Monday, April 16, 2012

Freedom of Speech?

It's been an interesting week for many reasons, but i=one thing that I've been musing over is the rejected bus ad campaign. I was in London on Saturday for my course and saw the Stonewall ad on the side of one London Bus. If you don't what this is all about, the ad simply says something like: Some people are gay, Get over it!

There was an almost to be expected "Christian" response that wanted to run a counter campaign that was deemed unacceptable by the Mayor's office. The rejection of these ads precipitated another volley of comments about the rough deal Christians get in the UK, how we are marginalised and persecuted for our faith. Of course the other way to look at is to understand it as a rejection of narrow-minded and insensitive drive to promote our perspective over and against any competing philosophy!

Here's the struggle I feel. The proposed ads were, in my opinion, ill thought out and unhelpful. Maybe well intentioned, an attempt to bring a message of hope to those who find themselves struggling with issues of sexual identity and faith. But they didn't look like they would do, so I'm quite relieved that they have been rejected.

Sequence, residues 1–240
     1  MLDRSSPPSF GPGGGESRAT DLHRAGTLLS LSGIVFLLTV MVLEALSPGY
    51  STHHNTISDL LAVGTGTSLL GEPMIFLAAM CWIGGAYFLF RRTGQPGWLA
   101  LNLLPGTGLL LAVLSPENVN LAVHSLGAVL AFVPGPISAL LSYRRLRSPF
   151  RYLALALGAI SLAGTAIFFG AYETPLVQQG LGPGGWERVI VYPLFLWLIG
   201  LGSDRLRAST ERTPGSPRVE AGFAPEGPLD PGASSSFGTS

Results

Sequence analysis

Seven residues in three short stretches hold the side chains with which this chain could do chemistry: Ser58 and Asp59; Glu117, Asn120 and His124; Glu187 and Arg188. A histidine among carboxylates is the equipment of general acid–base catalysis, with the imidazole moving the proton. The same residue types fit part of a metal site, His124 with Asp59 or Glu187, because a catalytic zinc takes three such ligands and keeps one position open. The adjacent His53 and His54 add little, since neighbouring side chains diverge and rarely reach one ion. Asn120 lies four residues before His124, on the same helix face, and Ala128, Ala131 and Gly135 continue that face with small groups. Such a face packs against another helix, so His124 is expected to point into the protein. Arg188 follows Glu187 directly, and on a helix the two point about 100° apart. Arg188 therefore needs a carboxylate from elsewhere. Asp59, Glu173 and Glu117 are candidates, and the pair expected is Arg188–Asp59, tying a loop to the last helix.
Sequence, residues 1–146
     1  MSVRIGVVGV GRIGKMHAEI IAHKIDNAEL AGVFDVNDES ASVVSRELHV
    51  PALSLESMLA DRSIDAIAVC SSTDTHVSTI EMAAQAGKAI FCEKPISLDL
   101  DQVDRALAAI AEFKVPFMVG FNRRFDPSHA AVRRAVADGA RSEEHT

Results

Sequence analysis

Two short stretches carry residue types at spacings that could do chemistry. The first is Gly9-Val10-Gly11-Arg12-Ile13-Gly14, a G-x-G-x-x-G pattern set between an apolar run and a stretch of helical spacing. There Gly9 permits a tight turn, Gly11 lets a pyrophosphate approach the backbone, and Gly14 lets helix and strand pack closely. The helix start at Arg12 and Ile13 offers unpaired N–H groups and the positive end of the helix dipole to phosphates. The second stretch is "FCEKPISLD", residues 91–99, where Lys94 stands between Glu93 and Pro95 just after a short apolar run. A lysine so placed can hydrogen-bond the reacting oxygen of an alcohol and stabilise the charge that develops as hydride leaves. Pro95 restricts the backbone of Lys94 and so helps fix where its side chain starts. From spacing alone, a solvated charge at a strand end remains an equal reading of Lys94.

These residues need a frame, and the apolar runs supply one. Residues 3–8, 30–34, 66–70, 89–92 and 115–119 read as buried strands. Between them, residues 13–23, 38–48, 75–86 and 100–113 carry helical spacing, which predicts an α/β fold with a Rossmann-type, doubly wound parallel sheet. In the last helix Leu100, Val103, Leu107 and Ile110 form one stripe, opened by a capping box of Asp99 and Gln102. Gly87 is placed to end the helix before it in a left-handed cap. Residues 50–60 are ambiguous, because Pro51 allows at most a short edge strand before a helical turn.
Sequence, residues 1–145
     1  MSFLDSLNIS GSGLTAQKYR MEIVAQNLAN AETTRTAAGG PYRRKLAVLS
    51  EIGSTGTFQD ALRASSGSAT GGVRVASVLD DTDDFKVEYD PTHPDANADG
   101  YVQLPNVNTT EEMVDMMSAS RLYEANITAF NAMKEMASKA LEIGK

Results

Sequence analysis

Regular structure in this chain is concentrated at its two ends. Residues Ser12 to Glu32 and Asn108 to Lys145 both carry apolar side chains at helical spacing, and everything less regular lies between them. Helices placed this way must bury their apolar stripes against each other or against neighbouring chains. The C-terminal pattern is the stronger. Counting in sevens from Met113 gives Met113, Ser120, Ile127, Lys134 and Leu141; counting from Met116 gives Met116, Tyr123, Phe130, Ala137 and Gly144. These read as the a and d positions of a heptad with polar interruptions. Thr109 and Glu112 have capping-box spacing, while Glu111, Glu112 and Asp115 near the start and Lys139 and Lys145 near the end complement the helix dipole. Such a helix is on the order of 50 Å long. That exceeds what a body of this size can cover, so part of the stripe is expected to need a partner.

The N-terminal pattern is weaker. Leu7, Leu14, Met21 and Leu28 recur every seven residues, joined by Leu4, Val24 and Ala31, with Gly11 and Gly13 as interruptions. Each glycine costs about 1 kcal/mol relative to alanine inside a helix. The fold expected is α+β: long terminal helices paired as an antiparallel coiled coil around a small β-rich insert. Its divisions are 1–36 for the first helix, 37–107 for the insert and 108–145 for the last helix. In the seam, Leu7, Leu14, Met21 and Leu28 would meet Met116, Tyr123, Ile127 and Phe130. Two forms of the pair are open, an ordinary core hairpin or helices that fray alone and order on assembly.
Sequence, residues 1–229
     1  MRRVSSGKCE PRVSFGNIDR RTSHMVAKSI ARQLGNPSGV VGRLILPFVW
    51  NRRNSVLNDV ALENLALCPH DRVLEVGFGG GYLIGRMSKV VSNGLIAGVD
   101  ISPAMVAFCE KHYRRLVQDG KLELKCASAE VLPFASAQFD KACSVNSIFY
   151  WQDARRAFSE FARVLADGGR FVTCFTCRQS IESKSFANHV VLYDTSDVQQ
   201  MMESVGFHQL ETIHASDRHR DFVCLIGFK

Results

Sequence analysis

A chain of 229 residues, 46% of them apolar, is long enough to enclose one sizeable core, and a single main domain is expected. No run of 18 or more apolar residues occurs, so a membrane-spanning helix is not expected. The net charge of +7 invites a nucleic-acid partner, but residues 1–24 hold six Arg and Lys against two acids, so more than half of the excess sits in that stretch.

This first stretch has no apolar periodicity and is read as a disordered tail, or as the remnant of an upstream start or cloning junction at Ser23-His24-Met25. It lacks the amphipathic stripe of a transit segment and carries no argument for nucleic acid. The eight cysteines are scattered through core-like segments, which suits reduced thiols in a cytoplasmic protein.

We need to read our advertising through the eyes of those who do not agree with us if we are going to find effective ways of communicating the grace of God rather than appearing only to have a message of condemnation and judgement. I'm not for one minute suggesting that either of these things were the goal of the ad campaign, but that's how they have been interpreted and we should learn from that.

In the end this is not an issue of freedom of speech. It is an issue of pastoral care and sensitivity, of finding ways to express grace and hope as our core message. Let me be very clear about one thing a least: I believe that it is sin (to use a theological word!) that separates us from God and not our sexual orientation or anything else. What we do with that orientation is another matter. King David expressed his heterosexuality inappropriately with Bathsheba and it was costly. He was not the only one.

Maybe, as Christian, we do need to get over the "gay debate and get on with helping people find God and learning to work out how to live in a way that honours him. Perhaps if we talked more about the power of grace to enable us to live within the limitations of a fallen world rather than as a prescription for normality we might just make some headway in Go'd grand mission to reconnect the missing.

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